To meet the first requirement and show a proper evidentiary purpose, the government must "clearly articulate how that evidence fits into a chain of logical inferences" without adverting to a mere propensity to commit crime now based on the commission of crime then charged. United States v. Mastrangelo, 172 F.3d 288, 295 (3d Cir. 1999)(quotation omitted). The government proffers that it will seek to introduce evidence that Defendant knew the details of this insurance fraud scheme prior to the events on the morning of November 19, 2008, and, more particularly, that Defendant knew that no actual burglary had occurred. The government further contends that despite this purported knowledge, during her post-arrest interview with police Defendant nevertheless invoked the sham August, 2008 burglary as a basis for her fear on November 19, 2008 that unlawful intruders were attempting to gain entry, an explanation Defendant allegedly knew to be false at the time she made it.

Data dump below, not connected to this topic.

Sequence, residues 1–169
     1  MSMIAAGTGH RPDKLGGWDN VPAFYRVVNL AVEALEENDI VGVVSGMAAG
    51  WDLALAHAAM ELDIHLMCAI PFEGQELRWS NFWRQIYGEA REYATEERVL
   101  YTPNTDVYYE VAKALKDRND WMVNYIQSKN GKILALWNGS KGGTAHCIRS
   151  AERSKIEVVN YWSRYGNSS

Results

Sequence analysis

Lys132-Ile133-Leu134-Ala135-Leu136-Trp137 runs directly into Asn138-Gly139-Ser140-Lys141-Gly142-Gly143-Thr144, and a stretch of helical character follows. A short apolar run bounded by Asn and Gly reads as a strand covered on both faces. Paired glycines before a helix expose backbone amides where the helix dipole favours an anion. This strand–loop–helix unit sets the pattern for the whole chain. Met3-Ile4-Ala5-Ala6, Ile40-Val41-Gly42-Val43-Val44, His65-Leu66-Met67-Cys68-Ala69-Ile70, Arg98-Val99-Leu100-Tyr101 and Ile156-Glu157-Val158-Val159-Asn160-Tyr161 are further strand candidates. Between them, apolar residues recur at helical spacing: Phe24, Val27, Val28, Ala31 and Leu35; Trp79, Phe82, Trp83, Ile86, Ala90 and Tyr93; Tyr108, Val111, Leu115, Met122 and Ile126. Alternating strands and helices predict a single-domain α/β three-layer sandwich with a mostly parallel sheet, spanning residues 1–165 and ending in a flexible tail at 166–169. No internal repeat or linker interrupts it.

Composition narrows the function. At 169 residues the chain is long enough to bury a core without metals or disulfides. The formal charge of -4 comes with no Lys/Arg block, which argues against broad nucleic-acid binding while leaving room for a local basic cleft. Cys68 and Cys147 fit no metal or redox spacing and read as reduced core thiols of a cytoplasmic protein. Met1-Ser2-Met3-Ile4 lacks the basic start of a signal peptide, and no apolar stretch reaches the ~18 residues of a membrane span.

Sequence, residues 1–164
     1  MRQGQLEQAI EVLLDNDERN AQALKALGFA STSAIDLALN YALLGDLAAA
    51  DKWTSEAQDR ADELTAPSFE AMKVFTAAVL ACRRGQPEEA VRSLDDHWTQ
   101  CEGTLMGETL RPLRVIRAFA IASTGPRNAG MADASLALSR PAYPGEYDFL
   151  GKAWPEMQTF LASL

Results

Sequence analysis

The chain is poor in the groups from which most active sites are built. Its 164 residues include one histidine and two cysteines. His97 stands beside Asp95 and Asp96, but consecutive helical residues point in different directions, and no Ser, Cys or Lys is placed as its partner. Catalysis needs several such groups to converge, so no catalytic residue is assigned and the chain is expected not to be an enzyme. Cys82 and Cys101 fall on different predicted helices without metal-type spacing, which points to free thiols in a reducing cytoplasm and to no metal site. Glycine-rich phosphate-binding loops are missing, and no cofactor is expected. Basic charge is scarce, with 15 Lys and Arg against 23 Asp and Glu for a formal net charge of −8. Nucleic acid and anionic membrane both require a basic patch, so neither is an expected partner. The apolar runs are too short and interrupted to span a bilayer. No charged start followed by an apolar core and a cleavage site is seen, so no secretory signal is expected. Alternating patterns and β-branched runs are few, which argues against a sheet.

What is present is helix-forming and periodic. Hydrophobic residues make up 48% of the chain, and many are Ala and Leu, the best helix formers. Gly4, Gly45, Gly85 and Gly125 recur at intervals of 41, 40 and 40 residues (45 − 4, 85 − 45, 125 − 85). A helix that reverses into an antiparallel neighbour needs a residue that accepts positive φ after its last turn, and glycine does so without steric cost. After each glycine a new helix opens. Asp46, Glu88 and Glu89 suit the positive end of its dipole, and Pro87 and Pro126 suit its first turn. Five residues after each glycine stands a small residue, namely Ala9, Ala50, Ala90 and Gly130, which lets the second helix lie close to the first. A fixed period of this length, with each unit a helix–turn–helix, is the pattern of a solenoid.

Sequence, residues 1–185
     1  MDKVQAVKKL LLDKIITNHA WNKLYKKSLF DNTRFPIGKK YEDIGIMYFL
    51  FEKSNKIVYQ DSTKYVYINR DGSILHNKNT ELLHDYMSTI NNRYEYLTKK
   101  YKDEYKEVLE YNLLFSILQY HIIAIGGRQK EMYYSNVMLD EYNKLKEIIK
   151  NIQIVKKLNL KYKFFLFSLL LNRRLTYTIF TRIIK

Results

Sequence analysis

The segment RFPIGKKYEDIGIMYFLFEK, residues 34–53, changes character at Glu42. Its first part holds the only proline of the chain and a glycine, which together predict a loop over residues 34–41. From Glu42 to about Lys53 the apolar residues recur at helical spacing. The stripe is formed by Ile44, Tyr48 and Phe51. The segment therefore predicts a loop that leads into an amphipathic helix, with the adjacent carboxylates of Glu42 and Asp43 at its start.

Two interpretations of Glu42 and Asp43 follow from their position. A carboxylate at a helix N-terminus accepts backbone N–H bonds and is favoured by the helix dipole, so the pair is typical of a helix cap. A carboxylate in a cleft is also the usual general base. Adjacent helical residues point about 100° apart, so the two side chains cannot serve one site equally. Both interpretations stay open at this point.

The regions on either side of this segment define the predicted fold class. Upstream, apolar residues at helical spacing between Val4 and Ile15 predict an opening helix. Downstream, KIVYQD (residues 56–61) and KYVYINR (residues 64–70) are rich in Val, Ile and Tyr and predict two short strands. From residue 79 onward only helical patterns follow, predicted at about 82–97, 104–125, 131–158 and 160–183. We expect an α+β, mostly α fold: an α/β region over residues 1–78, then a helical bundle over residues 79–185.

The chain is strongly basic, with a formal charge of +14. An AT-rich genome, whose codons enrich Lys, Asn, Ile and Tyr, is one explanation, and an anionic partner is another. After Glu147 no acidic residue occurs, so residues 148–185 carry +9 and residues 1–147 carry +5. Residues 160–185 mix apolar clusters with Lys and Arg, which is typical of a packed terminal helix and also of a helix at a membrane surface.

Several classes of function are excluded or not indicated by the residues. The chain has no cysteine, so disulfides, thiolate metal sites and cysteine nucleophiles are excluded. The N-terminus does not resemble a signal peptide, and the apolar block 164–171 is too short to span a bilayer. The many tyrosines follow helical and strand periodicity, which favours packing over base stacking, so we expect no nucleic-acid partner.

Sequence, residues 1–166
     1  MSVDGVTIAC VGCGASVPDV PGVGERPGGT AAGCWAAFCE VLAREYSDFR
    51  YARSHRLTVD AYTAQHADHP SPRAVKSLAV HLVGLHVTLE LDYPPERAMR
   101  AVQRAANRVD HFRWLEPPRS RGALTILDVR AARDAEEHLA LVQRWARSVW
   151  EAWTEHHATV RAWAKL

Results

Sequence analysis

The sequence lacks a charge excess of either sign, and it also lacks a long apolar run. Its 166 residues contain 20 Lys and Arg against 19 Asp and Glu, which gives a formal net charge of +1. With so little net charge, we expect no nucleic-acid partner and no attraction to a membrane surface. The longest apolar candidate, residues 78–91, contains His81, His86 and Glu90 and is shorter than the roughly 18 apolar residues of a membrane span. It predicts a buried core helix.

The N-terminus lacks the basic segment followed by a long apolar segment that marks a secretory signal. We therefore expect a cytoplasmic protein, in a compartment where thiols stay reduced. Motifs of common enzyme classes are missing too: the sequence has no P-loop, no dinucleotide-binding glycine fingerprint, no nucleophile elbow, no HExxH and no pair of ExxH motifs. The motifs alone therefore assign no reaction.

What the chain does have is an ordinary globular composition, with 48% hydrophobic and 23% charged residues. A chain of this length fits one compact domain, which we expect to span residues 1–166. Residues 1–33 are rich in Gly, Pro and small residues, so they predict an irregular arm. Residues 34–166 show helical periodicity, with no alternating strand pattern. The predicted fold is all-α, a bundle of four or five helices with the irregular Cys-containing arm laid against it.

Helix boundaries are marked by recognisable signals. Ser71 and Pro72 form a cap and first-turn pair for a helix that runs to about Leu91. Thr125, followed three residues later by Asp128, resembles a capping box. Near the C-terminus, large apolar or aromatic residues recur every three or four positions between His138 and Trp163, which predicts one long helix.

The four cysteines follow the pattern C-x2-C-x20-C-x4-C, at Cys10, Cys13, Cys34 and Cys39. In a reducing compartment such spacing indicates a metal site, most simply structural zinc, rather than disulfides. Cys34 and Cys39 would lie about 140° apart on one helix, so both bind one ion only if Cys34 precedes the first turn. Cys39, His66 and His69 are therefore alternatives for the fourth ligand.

As the government notes in its response, the appropriate time for the resolution of a Rule 404(b) admissibility determination is normally at trial. Doc. No. 332; see also, U.S. v. Saada, 212 F.3d 210, 224 n. 15 (3d Cir. 2000)("Consistent with the language of Rule 404(b), virtually all such issues are raised pretrial, and the evidentiary subtleties are discussed other than before the jury. However, often the full context of Rule 404(b) evidence may not be evaluated until all evidence has been presented, following which the jury must be carefully instructed as to the limited way in which the evidence may be considered.") As such, it requests that the Court reserve ruling on the motion until the time of trial. The Court agrees. To that end, the Court notes two points at this stage. First, the relevance of the introduction of any evidence regarding the insurance fraud scheme for which Ronald Burkarth and Robert Korbe have pled guilty is conditioned upon an evidentiary fact not yet established, namely that Defendant was aware of the fraudulent scheme prior to November 19, 2008. Second, if such an underlying condition is established, the evidence regarding the insurance fraud appears to be logically relevant under Rules 402 and 404(b) to an issue other than Defendant's propensity to commit the crime, more specifically, proof of intent, motive, and absence of mistake or accident. For the time being, however, the Court will defer ruling on Defendant's motion in limine # 2.